4.      Search engines love blogs. Because you update a blog much more regularly then you do a traditional website, your blog is much more likely to get indexed favorably by a search engine. This means even more traffic will be driven to your blog because it will be found more easily.

5.      Practice makes perfect. The only way to become a better writer is to write more, and having a blog means you have a place to write and practice every single day. You also are able to fine-tune proof-reading skills, try out new ways of writing and, as noted in #2, get unbiased feedback on your writing. Plus, having readers that are anticipating a post from you every day can help motivate you to write regularly.
Blogging is a great way for writers to expand and improve on their own writing skills, as well as market themselves effectively to old and new readers alike. With such a versatile writing platform at your fingertips, there’s no reason not to start your own blog.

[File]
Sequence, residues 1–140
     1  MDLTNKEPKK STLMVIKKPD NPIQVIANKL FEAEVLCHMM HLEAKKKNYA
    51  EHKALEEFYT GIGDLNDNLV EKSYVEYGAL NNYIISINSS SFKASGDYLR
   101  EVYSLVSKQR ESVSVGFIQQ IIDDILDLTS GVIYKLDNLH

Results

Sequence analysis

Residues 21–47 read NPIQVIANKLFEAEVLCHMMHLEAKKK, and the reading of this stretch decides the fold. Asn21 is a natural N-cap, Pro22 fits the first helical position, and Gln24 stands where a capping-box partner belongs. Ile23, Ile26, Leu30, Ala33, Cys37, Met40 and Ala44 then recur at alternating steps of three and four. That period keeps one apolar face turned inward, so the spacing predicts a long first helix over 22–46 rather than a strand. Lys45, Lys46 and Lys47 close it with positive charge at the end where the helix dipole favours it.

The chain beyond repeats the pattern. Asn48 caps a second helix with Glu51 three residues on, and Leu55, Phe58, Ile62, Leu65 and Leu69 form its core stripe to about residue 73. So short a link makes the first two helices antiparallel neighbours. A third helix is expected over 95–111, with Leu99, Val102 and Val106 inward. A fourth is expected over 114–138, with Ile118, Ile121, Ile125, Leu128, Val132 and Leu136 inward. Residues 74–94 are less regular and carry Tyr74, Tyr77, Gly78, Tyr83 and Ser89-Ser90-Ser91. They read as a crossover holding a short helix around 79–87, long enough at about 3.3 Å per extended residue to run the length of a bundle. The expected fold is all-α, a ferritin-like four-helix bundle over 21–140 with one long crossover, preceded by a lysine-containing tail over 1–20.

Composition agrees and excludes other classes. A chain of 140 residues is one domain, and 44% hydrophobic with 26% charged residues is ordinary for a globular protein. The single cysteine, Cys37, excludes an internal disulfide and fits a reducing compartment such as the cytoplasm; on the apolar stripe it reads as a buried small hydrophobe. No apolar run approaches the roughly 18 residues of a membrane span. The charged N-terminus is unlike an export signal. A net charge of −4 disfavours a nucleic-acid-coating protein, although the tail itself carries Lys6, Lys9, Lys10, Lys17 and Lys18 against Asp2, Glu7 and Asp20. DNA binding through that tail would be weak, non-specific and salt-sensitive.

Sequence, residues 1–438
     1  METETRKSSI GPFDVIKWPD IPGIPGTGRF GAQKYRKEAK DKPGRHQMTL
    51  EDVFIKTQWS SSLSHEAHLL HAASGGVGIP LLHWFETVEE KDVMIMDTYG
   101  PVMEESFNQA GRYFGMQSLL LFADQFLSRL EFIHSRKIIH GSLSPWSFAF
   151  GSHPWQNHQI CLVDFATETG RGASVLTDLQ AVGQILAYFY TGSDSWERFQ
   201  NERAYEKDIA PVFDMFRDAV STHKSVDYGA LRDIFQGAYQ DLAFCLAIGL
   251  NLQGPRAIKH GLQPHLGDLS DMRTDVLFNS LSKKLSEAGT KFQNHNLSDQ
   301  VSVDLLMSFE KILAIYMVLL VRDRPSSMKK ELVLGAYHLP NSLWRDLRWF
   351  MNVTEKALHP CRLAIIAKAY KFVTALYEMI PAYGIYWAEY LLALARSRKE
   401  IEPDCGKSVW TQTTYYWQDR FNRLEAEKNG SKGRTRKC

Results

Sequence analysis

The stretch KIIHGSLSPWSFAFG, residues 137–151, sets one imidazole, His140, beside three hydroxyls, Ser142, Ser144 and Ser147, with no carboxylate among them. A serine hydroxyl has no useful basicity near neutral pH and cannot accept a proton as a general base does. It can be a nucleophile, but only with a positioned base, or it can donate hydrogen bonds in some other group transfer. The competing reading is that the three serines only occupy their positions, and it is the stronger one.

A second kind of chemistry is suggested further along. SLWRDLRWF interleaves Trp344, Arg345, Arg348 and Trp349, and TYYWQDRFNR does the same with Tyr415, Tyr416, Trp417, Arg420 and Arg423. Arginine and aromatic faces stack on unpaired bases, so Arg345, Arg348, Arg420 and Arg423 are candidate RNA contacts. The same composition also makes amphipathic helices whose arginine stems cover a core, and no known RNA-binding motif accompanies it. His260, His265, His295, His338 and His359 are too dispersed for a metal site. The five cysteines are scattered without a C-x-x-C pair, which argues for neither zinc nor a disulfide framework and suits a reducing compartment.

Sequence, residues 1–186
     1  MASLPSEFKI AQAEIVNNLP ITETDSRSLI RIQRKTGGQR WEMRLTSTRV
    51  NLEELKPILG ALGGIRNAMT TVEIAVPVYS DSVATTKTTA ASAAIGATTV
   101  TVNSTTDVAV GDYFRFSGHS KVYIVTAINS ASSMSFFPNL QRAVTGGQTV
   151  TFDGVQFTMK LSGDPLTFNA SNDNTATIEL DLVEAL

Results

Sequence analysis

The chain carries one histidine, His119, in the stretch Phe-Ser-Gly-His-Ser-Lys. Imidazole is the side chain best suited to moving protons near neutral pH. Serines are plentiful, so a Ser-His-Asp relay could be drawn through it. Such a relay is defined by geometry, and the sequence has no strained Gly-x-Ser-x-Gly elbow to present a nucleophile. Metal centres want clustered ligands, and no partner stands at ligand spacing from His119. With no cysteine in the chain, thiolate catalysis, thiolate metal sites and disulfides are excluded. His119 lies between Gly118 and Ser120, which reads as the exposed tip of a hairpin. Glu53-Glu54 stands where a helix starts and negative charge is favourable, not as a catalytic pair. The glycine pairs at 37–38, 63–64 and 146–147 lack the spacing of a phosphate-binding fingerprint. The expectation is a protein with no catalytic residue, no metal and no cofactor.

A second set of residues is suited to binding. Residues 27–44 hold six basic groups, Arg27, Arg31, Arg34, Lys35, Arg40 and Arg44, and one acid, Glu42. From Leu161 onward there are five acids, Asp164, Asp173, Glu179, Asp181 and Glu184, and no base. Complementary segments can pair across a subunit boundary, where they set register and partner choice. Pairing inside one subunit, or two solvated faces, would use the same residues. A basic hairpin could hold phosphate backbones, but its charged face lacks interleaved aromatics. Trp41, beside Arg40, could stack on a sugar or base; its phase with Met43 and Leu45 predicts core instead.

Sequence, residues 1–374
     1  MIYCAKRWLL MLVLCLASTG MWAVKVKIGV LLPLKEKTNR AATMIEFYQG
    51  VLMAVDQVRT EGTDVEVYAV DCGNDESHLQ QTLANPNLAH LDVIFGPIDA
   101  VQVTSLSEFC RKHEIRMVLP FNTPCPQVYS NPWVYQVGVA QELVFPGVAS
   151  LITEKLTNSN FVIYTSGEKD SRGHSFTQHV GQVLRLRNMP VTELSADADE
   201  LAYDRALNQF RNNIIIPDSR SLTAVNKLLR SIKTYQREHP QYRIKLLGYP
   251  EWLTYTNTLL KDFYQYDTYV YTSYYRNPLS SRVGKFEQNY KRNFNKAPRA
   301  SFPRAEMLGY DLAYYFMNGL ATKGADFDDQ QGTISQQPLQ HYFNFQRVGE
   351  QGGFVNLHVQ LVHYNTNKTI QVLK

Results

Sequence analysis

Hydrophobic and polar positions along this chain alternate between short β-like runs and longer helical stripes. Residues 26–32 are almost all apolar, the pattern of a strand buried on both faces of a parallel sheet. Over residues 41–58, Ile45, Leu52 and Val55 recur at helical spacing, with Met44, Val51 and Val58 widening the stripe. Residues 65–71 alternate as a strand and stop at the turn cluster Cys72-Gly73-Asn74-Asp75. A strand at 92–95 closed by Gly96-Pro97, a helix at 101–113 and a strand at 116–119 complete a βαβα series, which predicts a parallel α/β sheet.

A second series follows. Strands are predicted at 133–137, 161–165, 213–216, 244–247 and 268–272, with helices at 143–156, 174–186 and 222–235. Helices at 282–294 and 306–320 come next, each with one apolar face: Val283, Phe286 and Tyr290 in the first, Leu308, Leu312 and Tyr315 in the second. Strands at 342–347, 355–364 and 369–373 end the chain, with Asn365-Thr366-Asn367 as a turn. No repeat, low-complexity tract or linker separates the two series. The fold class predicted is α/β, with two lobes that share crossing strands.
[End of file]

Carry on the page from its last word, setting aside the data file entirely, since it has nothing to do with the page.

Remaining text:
Thursday, August 9, 2012

Guest post by author C.A. Shives

phobia_high res.jpgAuthor Bio

C.A. Shives is the author of PHOBIA, a suspense novel based in a small Pennsylvania town.

When not reading, writing, editing, or publishing, C.A. enjoys watching a good action movie. The author also spends time target shooting on the range and raising backyard chickens.

C.A. loves cheesy poofs, Bruce Willis movies, and wine (often simultaneously). The author is also a fan of Professional Competitive Eating.

A second book in the Artemis Herne series is scheduled for a winter 2012 release. C.A.’s upcoming novel weaves a dark tale of horrific vigilante justice tainted by the bitter taste of revenge.

Genre: Thriller/Suspense

Ex-cop Artemis Herne thought he left the grit and crime of the city in the past when he moved to a small town in Pennsylvania. But the discovery of a woman's dead body, bound and covered with snakes, sends panic through his community and ignites his investigative instincts.